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Les Paul Tailpiece Height

Q: I’ve heard the tailpiece on my Les Paul should be screwed down tight to the body. Is this true, or is there benefit to raising it up a bit?

A: Opinions vary on whether the tone or sustain of a guitar with a separate bridge/tailpiece combination – as is used on Gibson Les Paul and other models – are improved if the tailpiece is at one height or another. One thing is definitely true, though: raising the tailpiece will make the strings feel less taut, as if there is less tension on them. Some players like this, others don’t. Some players and techs also believe that having the tailpiece too low may cause the bridge to begin to collapse or bend downward slightly due to the extra downward pressure.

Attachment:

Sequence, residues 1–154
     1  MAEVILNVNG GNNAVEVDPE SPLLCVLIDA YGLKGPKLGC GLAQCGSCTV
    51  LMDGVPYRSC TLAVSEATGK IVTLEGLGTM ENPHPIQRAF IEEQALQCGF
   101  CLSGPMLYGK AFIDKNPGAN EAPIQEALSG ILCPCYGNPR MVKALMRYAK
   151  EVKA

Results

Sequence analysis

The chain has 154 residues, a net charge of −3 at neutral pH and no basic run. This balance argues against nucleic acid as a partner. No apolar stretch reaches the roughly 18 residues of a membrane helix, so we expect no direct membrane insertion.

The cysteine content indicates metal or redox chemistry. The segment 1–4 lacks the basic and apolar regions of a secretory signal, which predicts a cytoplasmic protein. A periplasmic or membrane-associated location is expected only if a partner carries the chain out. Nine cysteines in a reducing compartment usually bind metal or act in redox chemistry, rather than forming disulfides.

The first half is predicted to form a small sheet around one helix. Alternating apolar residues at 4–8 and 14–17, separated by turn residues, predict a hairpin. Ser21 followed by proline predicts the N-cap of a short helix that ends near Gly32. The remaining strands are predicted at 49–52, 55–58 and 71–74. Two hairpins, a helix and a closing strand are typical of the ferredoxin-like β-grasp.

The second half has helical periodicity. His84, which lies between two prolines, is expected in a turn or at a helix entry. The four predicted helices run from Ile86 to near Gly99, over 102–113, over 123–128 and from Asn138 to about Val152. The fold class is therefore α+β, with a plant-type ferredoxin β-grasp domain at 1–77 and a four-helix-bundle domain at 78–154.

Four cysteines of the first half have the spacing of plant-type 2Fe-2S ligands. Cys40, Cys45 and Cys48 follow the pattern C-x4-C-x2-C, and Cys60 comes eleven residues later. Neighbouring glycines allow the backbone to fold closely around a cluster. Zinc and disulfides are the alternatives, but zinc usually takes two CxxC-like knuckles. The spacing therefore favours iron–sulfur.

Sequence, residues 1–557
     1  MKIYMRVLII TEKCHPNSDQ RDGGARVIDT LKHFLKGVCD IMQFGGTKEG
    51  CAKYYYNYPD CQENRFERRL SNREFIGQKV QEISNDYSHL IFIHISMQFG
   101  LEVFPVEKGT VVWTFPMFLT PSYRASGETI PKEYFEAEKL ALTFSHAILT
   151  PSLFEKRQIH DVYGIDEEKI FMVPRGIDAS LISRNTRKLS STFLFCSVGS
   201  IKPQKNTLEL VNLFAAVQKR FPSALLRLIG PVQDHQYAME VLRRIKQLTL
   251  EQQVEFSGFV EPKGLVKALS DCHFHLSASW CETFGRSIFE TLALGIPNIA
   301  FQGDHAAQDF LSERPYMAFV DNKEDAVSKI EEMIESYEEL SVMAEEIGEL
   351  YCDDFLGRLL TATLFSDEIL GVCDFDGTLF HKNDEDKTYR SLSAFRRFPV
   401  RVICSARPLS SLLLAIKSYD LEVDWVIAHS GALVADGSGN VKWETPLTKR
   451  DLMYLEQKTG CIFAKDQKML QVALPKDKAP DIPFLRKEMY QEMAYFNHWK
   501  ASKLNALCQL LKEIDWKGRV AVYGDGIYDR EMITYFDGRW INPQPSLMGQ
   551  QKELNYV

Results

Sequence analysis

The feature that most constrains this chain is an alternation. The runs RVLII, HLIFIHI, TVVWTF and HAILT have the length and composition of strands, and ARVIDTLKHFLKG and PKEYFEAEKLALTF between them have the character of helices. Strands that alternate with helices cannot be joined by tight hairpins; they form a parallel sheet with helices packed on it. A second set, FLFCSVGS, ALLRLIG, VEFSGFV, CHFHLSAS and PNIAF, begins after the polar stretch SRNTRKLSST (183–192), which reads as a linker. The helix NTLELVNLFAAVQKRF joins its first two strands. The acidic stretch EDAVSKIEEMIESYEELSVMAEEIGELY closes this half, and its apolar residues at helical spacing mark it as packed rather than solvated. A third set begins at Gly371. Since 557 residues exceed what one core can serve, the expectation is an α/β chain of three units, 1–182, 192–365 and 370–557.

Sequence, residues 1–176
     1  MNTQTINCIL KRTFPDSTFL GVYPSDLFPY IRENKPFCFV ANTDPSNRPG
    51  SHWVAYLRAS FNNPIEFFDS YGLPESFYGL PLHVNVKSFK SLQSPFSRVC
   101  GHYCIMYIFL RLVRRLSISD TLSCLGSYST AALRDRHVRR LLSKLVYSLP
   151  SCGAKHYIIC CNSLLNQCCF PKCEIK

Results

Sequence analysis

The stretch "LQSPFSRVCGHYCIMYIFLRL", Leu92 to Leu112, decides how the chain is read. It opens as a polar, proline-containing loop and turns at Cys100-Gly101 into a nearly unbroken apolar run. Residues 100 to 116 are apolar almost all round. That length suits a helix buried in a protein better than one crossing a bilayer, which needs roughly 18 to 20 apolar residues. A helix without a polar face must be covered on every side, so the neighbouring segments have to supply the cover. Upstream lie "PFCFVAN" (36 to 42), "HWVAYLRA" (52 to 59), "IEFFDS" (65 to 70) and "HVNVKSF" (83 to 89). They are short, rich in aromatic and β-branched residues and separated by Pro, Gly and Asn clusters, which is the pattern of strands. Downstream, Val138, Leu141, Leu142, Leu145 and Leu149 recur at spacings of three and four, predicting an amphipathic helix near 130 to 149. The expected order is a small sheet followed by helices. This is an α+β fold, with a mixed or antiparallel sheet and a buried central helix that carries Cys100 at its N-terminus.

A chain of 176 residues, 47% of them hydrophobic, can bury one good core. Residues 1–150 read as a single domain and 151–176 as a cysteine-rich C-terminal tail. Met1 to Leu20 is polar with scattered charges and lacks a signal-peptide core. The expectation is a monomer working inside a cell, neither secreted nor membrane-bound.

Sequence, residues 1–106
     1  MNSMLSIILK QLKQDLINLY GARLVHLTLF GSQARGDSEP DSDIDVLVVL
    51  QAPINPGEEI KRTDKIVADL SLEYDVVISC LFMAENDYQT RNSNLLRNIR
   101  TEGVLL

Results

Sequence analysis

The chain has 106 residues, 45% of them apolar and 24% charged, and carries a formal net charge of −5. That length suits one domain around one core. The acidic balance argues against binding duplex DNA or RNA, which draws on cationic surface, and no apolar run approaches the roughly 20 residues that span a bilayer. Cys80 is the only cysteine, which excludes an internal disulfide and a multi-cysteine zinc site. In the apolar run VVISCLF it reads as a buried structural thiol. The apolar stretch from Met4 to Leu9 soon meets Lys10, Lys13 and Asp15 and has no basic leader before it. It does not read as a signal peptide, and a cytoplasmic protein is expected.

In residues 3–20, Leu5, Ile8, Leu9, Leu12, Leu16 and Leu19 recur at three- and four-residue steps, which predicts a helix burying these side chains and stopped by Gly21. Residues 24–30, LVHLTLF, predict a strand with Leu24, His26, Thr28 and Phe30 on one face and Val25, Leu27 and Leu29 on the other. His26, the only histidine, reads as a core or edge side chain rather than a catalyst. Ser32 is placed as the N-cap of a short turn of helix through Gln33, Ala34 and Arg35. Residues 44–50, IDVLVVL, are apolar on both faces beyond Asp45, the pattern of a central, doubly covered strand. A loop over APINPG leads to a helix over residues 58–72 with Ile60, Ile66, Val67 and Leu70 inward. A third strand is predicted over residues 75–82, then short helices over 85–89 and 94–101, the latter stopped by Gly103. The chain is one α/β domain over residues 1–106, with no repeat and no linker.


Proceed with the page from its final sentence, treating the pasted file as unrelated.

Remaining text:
Our suggestion is to experiment a bit. You won’t hurt anything by raising or lowering the tailpiece. You may want to detune the strings to make it easier to change the tailpiece height, then tune up again after making the adjustment. And, of course, be careful that you don’t slip and mar the top of your guitar while turning the tailpiece mounting studs. Easy does it!

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